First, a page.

Shared Ownership Mortgage Guide and FAQs
At Share to Buy we understand that for those who have never needed one before, the prospect of finding a mortgage can be daunting. This guide and the FAQs at the bottom of the page cover all you need to know about finding a mortgage for your Shared Ownership home.
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Types of Mortgages
There are several different types of mortgage products on the market. The most common are:
Variable (Standard Variable Rate)
A variable or standard variable rate mortgage is a rate which is set by each mortgage lender and is the rate which borrowers will usually revert to once they have come to the end of an initial fixed or tracker rate.
A fixed rate mortgage is one where the interest Rate that you pay is fixed for a set period of time usually 2, 3, 5 or 10 years.
A tracker mortgage is one where the interest rate will be a given percentage (currently above) the Bank of England base rate for a set period of time. It is a variable rate as the interest rate will change at the same time as any change in the Bank of England base rate.
A discount rate is a variable rate that offers a discount on the lenders’ standard variable rate for a set period – normally 2 to 5 years.
Mortgage lenders are generally only willing to consider an interest only loan if you have a 50% deposit or more and where you can show an acceptable repayment plan. In practice the housing association is most unlikely to agree to your taking out an interest only mortgage on a Shared Ownership purchase.
Which mortgage type is best for me?
Deciding on the most suitable mortgage type for you will very much depend on you financial situation and your appetite for risk.
You are more likely to find a fixed rate preferable if:
- You are on a tight budget
- You think that interest rates will increase
- You prefer to know what your repayments will be over a period of years
A variable rate could be preferred if:
- You require the lowest possible rate
- You can afford to increase your repayments if interest rates rise
- You require a scheme that does not have early repayment charges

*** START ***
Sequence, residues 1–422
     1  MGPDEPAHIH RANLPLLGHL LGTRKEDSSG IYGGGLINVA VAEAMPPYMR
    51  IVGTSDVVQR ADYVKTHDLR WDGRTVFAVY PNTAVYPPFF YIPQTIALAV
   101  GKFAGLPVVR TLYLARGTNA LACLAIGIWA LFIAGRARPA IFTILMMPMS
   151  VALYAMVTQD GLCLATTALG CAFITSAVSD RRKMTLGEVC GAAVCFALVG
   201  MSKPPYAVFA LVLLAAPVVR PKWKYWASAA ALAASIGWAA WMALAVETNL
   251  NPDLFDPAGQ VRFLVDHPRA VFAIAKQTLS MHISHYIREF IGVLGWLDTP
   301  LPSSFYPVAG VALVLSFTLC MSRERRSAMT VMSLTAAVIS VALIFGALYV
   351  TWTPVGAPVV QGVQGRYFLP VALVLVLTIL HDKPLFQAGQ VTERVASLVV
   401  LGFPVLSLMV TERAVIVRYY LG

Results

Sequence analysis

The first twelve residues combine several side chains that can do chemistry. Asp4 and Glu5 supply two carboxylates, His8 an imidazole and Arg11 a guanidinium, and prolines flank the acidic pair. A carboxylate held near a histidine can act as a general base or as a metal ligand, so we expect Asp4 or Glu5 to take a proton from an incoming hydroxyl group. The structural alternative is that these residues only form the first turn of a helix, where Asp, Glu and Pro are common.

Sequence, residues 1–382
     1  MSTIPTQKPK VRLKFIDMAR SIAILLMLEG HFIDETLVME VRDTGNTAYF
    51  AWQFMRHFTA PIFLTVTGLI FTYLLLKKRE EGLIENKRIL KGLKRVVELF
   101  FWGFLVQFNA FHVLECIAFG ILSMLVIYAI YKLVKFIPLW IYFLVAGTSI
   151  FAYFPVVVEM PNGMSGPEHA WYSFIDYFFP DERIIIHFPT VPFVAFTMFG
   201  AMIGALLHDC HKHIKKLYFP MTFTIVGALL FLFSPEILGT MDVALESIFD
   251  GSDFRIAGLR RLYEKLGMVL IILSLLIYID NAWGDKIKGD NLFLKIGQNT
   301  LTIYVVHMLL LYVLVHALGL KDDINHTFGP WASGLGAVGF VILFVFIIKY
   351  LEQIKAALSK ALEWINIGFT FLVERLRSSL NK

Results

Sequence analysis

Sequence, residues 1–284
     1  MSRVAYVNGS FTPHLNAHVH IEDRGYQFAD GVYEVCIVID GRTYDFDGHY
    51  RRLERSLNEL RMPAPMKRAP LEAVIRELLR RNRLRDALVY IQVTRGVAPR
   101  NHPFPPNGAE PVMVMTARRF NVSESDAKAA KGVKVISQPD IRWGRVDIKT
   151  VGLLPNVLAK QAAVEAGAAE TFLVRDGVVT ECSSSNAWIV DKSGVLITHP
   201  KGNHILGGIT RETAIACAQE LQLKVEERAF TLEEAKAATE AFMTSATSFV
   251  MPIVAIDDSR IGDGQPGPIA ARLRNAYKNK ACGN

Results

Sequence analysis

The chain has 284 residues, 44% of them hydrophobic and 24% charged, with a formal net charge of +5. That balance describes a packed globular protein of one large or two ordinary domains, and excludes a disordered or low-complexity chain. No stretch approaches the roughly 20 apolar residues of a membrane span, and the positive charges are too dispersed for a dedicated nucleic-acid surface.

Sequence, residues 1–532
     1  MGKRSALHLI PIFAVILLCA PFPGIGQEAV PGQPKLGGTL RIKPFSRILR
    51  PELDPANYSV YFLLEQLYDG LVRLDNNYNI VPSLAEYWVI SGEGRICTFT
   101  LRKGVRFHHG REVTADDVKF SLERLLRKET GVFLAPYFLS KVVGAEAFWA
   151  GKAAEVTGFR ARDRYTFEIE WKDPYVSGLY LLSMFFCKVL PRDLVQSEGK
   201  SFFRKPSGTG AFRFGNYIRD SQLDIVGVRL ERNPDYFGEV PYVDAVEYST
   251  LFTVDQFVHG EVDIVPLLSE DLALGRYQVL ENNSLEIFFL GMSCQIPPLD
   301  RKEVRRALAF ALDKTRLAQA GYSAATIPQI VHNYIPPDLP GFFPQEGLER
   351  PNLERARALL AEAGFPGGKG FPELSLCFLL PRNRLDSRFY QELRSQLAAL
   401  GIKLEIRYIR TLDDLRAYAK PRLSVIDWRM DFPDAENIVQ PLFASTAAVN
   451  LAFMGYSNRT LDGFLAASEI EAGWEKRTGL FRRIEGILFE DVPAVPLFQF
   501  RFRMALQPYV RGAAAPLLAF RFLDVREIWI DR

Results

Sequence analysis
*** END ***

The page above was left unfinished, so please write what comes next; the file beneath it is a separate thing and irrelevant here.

Browse our helpful FAQs below to answer any Shared Ownership mortgage questions you may have.
Search our Guides and FAQs
When should I start looking for a Shared Ownership mortgage?arrow_downward
You will not need to do this until you have chosen a property to buy. Your housing provider will put you in touch with a financial advisor to help you with a mortgage, or you can search for a mortgage online with Share to Buy.
Do I have to use the Financial Advisor recommended by the housing association?arrow_downward
No. You will need to have a financial assessment with one of the financial advisors working with the scheme. However, you can use your own financial advisor to arrange the mortgage. You may find it faster and more cost effective to use a financial advisor familiar with the schemes.
Why is the housing provider asking for a higher deposit than the mortgage lender?arrow_downward
The housing provider has to carry out an eligibility assessment based on the Homes and Communities Agency affordability calculations. This assessment will determine the deposit amount they require before they offer you a property. It may be that this deposit is higher than the minimum mortgage lender requirements.
Can I use a guarantor for my Shared Ownership mortgage?arrow_downward
No, under the terms of the scheme, this will not be permitted.
Can my parents be on my Shared Ownership mortgage with me?arrow_downward
No, only those who are party to the Shared Ownership lease can be on the mortgage application. All applicants must live at the property as their main residence. However, your parents may wish to assist with the deposit by way of a non-repayable gift.
What does a Mortgage Broker do?arrow_downward
A mortgage broker’s main task is to arrange a suitable mortgage for you. This will involve taking details about your personal and financial situation and then using that information to find a mortgage lender or lenders where you meet the lenders criteria and affordability requirements for the property that you wish to buy.
The broker will be able to answer any questions that you have and advise you on suitable mortgage products. They will assist you with the necessary paperwork so that a mortgage application can be submitted. They will then do everything possible to help progress your application though to your receiving an offer.
What is an Agreement in Principle?arrow_downward
An Agreement in Principle (AIP) is an agreement from a mortgage lender that they will lend you the mortgage amount requested, subject to satisfactory proof of income and valuation of the property.
Before issuing an Agreement in Principle the lender will carry out a credit check and subject your application to their internal credit scoring. This agreement is not binding on either you or the lender. An Agreement in Principle is the first part of the process of applying for a mortgage.